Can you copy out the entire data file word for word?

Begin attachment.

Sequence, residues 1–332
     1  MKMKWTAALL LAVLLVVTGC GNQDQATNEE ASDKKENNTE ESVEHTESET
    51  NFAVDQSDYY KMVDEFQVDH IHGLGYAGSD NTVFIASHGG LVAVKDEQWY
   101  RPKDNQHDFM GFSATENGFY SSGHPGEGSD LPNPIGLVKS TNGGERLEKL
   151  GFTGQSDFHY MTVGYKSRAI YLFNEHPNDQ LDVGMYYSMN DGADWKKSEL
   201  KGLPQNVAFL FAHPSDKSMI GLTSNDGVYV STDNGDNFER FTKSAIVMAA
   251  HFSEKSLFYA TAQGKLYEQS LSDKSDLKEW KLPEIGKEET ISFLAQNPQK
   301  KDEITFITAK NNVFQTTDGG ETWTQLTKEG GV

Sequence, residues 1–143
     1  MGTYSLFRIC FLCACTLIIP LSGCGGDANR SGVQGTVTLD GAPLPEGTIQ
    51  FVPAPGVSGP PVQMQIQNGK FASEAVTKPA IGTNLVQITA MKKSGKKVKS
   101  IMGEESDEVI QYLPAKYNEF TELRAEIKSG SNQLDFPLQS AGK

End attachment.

Sequence, residues 1–332
     1  MKMKWTAALL LAVLLVVTGC GNQDQATNEE ASDKKENNTE ESVEHTESET
    51  NFAVDQSDYY KMVDEFQVDH IHGLGYAGSD NTVFIASHGG LVAVKDEQWY
   101  RPKDNQHDFM GFSATENGFY SSGHPGEGSD LPNPIGLVKS TNGGERLEKL
   151  GFTGQSDFHY MTVGYKSRAI YLFNEHPNDQ LDVGMYYSMN DGADWKKSEL
   201  KGLPQNVAFL FAHPSDKSMI GLTSNDGVYV STDNGDNFER FTKSAIVMAA
   251  HFSEKSLFYA TAQGKLYEQS LSDKSDLKEW KLPEIGKEET ISFLAQNPQK
   301  KDEITFITAK NNVFQTTDGG ETWTQLTKEG GV

Sequence, residues 1–143
     1  MGTYSLFRIC FLCACTLIIP LSGCGGDANR SGVQGTVTLD GAPLPEGTIQ
    51  FVPAPGVSGP PVQMQIQNGK FASEAVTKPA IGTNLVQITA MKKSGKKVKS
   101  IMGEESDEVI QYLPAKYNEF TELRAEIKSG SNQLDFPLQS AGK